Recruiters are often faced with ambitious, eager-to-learn design grads asking the same sort of questions: ‘what roles do you have at my level?’ or ‘who’s currently hiring?’ The truth is that even though the job market is booming at the moment, jobs for junior designers are few and far between. And any job that does surface is often snapped up by someone with more experience anyway.
So, what can you do to differentiate your design job application from the rest? What do employers and recruiters look for?
This is your main chance to impress and really demonstrate your creative ability, use it. It doesn’t matter if you’ve worked for 4 years in Manchester’s top creative agency or a leading in-house retail company, if your portfolio isn’t sexy, employers won’t be impressed. Help yourself by making your portfolio stand out.
What makes a good portfolio, then?
Diversity. Even if you’re a digital designer, showcase your experience across both digital mediums and traditional print-based ones. If you’ve designed for Web Banners, App, POS, packaging and logos, show them all on your portfolio. The wider your skillset, the greater the chance you have of getting a bite.
Explanation. we'd always suggest adding a short body of text to any project showcased on your portfolio. Without it, how can recruiters or hiring managers know what role you had in that project? I want to know your thought process, how many others worked on the brief, what you found hard, even if you enjoyed it. The natural assumption is that you haven’t actually contributed that much if you don’t add an explanation, so at least add a small description in.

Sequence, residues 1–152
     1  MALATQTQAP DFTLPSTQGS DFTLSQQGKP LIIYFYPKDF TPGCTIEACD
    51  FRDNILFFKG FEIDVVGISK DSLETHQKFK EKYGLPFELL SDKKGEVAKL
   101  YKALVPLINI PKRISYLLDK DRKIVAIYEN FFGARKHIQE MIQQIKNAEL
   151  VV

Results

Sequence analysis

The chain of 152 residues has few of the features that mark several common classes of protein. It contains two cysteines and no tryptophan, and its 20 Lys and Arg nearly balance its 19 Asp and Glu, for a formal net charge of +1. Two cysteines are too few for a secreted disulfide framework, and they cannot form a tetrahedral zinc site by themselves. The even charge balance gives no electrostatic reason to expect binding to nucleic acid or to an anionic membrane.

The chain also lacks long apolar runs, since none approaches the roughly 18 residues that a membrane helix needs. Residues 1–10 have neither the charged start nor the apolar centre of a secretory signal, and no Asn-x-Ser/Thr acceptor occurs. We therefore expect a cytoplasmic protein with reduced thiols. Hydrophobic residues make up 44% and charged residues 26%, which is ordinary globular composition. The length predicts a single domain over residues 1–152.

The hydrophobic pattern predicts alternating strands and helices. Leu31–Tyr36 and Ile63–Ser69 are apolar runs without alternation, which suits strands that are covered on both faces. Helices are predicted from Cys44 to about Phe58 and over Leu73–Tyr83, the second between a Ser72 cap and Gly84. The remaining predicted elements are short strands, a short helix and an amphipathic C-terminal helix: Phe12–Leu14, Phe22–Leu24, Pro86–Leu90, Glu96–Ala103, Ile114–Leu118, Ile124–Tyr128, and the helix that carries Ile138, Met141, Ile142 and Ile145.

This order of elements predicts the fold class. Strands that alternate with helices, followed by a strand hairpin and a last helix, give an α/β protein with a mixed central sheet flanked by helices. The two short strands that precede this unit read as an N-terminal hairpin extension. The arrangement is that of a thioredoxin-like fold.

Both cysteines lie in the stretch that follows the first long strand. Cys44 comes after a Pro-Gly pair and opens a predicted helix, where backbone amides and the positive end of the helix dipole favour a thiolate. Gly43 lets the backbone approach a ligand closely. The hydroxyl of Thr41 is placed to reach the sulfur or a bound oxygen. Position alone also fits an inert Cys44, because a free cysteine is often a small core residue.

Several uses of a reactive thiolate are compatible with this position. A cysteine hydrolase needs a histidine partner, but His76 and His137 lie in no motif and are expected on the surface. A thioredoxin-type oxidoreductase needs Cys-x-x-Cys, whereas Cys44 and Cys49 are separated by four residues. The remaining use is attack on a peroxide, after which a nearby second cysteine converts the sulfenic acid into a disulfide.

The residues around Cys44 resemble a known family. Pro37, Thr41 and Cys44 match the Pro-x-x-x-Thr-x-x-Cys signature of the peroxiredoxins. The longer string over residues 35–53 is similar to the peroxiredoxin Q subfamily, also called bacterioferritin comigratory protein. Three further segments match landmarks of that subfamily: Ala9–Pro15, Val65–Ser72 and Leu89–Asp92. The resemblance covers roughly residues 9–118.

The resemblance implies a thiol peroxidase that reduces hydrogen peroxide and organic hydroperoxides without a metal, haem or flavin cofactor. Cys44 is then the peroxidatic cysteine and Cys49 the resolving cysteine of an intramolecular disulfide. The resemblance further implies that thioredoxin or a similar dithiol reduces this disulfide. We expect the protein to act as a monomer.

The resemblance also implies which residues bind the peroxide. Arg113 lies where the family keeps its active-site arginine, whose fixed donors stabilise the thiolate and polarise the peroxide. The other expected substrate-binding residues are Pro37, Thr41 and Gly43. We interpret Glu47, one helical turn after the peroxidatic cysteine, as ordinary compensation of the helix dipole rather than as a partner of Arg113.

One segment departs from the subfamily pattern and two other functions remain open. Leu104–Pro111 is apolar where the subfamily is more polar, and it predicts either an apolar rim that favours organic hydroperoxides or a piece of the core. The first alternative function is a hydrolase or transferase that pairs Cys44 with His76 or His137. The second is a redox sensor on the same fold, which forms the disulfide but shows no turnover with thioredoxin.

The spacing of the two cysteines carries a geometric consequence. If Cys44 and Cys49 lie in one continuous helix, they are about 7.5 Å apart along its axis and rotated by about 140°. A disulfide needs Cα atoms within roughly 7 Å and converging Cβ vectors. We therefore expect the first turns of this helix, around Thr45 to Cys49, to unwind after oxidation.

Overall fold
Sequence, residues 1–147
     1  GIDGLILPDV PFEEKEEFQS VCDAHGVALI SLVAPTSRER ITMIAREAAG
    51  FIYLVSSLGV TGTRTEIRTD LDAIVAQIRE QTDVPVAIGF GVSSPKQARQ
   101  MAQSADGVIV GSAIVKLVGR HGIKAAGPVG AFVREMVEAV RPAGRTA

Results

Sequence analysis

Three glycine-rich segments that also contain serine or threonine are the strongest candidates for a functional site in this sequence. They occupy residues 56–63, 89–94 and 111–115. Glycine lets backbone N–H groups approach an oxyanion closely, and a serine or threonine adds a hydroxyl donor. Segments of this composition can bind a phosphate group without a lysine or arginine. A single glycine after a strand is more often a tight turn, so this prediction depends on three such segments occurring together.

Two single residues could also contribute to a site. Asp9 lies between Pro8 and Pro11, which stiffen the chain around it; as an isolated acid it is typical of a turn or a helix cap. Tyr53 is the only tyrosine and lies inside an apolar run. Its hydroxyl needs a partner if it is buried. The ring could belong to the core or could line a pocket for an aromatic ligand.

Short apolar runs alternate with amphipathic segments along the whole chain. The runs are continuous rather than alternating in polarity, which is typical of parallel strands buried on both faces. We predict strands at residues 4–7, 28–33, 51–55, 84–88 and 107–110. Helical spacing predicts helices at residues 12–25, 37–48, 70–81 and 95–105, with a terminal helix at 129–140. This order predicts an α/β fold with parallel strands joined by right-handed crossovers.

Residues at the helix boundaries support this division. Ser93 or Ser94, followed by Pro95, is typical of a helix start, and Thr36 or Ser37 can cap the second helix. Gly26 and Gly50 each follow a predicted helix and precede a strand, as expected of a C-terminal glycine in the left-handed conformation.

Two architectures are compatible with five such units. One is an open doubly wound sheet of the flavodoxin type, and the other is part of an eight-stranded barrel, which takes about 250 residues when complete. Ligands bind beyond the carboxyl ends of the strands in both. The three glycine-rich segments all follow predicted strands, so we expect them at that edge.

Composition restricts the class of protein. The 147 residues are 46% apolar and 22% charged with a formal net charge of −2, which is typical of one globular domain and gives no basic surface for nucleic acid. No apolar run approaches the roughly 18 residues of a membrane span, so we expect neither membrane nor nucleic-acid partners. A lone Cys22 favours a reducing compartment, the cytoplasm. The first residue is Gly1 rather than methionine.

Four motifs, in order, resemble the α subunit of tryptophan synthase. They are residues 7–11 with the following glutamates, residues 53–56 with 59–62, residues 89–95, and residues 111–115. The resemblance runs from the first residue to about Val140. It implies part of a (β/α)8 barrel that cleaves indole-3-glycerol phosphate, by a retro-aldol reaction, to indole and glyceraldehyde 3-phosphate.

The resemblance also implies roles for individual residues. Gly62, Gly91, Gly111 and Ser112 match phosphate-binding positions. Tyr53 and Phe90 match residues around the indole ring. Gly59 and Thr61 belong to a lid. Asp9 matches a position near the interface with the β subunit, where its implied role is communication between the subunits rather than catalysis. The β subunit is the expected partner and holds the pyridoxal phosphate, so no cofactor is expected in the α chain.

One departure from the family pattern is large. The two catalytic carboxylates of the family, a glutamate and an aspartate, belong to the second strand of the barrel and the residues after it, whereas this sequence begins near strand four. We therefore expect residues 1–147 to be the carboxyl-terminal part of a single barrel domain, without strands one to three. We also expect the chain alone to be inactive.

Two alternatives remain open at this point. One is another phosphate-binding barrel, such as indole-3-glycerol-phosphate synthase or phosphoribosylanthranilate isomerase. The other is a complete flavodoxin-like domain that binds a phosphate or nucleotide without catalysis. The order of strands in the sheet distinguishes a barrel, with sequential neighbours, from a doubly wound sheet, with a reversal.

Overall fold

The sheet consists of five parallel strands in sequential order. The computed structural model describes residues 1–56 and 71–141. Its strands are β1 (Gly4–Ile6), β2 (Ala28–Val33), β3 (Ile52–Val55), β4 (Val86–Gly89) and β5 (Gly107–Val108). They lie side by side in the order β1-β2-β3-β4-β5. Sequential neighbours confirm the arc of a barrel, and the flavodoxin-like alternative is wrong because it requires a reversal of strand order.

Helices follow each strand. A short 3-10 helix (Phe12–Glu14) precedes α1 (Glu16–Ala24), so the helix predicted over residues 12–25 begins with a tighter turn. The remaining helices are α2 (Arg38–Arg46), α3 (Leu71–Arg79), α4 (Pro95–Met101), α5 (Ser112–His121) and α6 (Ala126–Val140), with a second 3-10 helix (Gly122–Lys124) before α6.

It is (almost) as important to have an attractive CV as it is a portfolio. Get rid of that template Word CV from your year 12 careers fair and start from scratch. Being a designer, you have way more scope than other professions to be creative with your approach. Use it. There’s loads of ways to be creative with your CV – take a risk. More often than not it will gain more attention than not. Worst case scenario, it doesn’t work and someone will point you in the right direction.
Quick CV Tips
* No pictures – despite what you look like, you want to be judged on your experience not how you look, right?
* Date of birth – another thing for people to be prejudice against, so why include it?
* Any graphics – should enhance it, not detract attention away from your experience; we’ve seen parrots, cats, owls, badgers and more on design CV’s which left us asking, why?
These are just a few ways to make yourself stand out from the design crowd. What have your experiences been like as a Junior? How did you differentiate yourself?
If you would like further advice or to chat about our latest design opportunities, get in touch with Senior Creative Consultant Nathan Young
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